Manufacturing activity in Philadelphia, southern New Jersey and Delaware weakened in June, according to respondents to the Federal Reserve Bank of Philadelphia's monthly Business Outlook Survey.
The survey's broadest measure of manufacturing conditions -- the diffusion index of current activity -- decreased from 3.9 in May to minus 7.7, its first negative reading since last September and its lowest reading in 31 months, according to the Philadelphia Federal Reserve Bank.
The survey's indicators for activity and new orders turned negative this month, while indicators for shipments and employment fell but remained slightly positive.
Responses to the monthly survey, which has been conducted since 1968, suggested little overall improvement in the labor market this month.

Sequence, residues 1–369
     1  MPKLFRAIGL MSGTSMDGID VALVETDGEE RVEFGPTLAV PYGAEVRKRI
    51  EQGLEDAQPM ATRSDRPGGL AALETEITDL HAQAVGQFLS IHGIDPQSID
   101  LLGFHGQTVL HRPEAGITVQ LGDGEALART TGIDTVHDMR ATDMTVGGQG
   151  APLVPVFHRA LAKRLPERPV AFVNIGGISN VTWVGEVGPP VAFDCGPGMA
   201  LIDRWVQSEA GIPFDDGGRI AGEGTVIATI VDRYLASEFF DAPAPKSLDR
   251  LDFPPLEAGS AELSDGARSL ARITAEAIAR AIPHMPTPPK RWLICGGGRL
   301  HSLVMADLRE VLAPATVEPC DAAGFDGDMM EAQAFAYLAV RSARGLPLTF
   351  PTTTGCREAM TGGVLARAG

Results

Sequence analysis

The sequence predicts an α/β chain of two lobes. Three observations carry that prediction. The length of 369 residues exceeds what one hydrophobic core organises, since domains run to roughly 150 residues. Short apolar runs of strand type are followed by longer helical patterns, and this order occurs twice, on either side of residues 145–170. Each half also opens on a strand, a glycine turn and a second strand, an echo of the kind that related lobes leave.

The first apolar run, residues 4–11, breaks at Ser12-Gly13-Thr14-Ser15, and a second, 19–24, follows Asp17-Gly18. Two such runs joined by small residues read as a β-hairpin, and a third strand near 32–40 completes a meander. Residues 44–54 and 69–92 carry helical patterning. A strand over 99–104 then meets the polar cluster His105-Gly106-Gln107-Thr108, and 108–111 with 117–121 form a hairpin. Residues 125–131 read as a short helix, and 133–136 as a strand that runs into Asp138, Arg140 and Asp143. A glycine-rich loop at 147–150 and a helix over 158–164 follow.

The current employment index remained positive for the ninth consecutive month, but only 14% of the firms reported an increase in employment, while 10% reported a decline, according to the bank.
Among other highlights:
- Forty-seven percent of the companies indicated they had increased base prices since the beginning of the year, although 54% said they have been unable to pass on cost increases.
- Nineteen percent have instituted surcharges, and 14% have price-escalation clauses covering cost increases.
- Respondents also indicated that a large percentage of their suppliers have instituted surcharges covering recent cost increases: Seventy-one percent of the firms reported surcharges for transportation, 36% for commodities and 36% for energy.
Meanwhile, 17% of respondents reported higher prices for their own goods in June, while 12% reported price reductions.